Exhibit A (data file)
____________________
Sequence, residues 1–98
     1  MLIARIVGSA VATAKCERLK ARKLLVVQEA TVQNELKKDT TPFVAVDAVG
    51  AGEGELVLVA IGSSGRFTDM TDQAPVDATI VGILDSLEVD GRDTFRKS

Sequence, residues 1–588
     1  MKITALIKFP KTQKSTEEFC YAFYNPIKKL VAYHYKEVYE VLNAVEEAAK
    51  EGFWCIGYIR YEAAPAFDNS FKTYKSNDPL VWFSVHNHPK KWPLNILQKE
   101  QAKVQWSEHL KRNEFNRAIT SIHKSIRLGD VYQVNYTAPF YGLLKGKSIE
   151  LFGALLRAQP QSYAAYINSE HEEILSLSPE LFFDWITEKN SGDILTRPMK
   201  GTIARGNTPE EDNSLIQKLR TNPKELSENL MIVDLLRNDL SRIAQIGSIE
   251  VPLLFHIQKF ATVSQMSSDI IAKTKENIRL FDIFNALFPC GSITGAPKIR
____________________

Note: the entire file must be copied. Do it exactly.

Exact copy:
Sequence, residues 1–98
     1  MLIARIVGSA VATAKCERLK ARKLLVVQEA TVQNELKKDT TPFVAVDAVG
    51  AGEGELVLVA IGSSGRFTDM TDQAPVDATI VGILDSLEVD GRDTFRKS

Sequence, residues 1–588
     1  MKITALIKFP KTQKSTEEFC YAFYNPIKKL VAYHYKEVYE VLNAVEEAAK
    51  EGFWCIGYIR YEAAPAFDNS FKTYKSNDPL VWFSVHNHPK KWPLNILQKE
   101  QAKVQWSEHL KRNEFNRAIT SIHKSIRLGD VYQVNYTAPF YGLLKGKSIE
   151  LFGALLRAQP QSYAAYINSE HEEILSLSPE LFFDWITEKN SGDILTRPMK
   201  GTIARGNTPE EDNSLIQKLR TNPKELSENL MIVDLLRNDL SRIAQIGSIE
   251  VPLLFHIQKF ATVSQMSSDI IAKTKENIRL FDIFNALFPC GSITGAPKIR